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The Supreme Court today struck down Federal Communications Commission sanctions relating to indecency on television, but wouldn't address whether or not the FCC violated the First Amendment.
Will people with malfunctioning wardrobes ever be allowed to appear on network television again? Maybe. Broadcast television networks won an important victory today. In an 8-0 vote, the US Supreme Court concluded that the Federal Communications Commission had unfairly punished television networks with its indecency rules, CNN reported.
The case dates back to broadcasts from up to ten years ago. In 2002 and 2003, the FCC found that Fox violated its indecency rules after entertainers Cher and Nicole Richie said "expletives" during the Billboard Music Awards, the Wall Street Journal reported. In another case, ABC was hit with a $1.2 million fine in 2004 after an actress' bare bottom could be seen briefly in a 2003 episode of the show "NYPD Blue."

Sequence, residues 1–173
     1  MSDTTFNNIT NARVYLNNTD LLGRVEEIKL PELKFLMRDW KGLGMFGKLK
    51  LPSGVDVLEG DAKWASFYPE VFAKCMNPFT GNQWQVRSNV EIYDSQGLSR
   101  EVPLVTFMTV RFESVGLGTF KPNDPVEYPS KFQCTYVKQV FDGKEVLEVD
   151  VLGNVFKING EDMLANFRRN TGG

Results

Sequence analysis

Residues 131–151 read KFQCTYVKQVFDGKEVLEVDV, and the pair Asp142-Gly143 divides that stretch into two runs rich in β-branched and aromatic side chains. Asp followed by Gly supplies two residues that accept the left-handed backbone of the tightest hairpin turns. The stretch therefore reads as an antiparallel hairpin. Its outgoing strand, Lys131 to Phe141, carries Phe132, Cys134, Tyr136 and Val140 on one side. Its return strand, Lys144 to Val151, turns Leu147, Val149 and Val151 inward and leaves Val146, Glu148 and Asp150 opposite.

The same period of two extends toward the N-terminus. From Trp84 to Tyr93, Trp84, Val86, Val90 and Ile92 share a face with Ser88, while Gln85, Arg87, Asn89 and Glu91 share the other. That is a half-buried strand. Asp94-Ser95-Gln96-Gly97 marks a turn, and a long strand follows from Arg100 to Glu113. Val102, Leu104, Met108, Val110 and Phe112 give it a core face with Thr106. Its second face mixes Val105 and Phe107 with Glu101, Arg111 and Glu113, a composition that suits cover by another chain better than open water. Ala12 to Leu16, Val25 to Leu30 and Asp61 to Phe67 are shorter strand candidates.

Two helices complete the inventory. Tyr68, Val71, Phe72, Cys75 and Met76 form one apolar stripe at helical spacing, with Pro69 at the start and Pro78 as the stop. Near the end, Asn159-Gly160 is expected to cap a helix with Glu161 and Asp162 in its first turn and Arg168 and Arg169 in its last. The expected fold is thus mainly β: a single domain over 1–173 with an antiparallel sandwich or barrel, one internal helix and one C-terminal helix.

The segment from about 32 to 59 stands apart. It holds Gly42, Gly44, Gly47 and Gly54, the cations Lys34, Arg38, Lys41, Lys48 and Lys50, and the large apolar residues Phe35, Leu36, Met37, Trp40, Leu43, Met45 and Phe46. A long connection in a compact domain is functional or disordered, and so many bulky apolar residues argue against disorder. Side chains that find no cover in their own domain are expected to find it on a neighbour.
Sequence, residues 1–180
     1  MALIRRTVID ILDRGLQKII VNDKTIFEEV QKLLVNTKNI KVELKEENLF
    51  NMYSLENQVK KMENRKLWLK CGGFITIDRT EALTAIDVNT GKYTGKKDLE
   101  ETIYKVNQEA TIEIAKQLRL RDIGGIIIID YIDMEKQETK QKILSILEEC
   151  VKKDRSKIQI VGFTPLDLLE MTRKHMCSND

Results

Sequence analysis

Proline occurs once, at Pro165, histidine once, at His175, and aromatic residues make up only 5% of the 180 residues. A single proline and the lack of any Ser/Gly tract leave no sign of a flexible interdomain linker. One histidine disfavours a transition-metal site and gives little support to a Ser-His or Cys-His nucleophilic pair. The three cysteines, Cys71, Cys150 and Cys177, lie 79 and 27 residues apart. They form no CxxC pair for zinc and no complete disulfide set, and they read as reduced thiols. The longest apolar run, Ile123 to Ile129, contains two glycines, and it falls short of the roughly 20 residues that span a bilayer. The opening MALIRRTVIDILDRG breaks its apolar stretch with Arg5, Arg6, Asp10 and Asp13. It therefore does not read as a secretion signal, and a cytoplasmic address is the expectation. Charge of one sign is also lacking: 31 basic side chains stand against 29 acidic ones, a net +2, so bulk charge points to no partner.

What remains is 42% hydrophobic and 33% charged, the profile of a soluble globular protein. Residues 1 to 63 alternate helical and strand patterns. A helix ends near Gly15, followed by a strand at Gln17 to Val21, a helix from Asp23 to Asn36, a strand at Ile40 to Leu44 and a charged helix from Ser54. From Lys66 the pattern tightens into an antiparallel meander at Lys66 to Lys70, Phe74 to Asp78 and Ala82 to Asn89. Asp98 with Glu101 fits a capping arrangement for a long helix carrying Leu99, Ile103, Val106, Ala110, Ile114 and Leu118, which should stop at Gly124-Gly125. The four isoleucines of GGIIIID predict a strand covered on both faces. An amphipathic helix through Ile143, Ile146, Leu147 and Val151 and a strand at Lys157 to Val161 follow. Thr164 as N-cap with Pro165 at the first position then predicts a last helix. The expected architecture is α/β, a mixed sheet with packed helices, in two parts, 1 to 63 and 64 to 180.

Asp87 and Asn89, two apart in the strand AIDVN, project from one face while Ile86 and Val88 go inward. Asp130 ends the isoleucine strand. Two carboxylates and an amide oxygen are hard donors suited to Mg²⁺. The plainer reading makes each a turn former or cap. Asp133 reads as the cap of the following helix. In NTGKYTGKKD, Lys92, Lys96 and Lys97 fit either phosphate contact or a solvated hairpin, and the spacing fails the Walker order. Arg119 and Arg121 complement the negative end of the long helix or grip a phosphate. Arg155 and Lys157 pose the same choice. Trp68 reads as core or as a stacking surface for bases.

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In the 18-page opinion, the Supreme Court ruled that the FCC's rules were vague, and that the FCC did not give Fox or ABC fair notice that "fleeting expletives and momentary nudity could be found actionably indecent," the WSJ reported.
But while the Supreme Court threw out fines and sanctions that the FCC imposed on the networks, the court did not go further to address whether or not the FCC's indecency rules are constitutional, the Associated Press reported. "Because the Court resolves these cases on fair notice grounds under the Due Process Clause, it need not address the First Amendment implications of the Commission’s indecency policy," the ruling said, according to the Los Angeles Times.
FCC's indecency rules came under scrutiny back in 2004, when the agency imposed a $550,000 fine for the famous Janet Jackson "wardrobe malfunction" that occurred during her Super Bowl performance. An appeal to that fine is also pending in a separate case, CNN reported.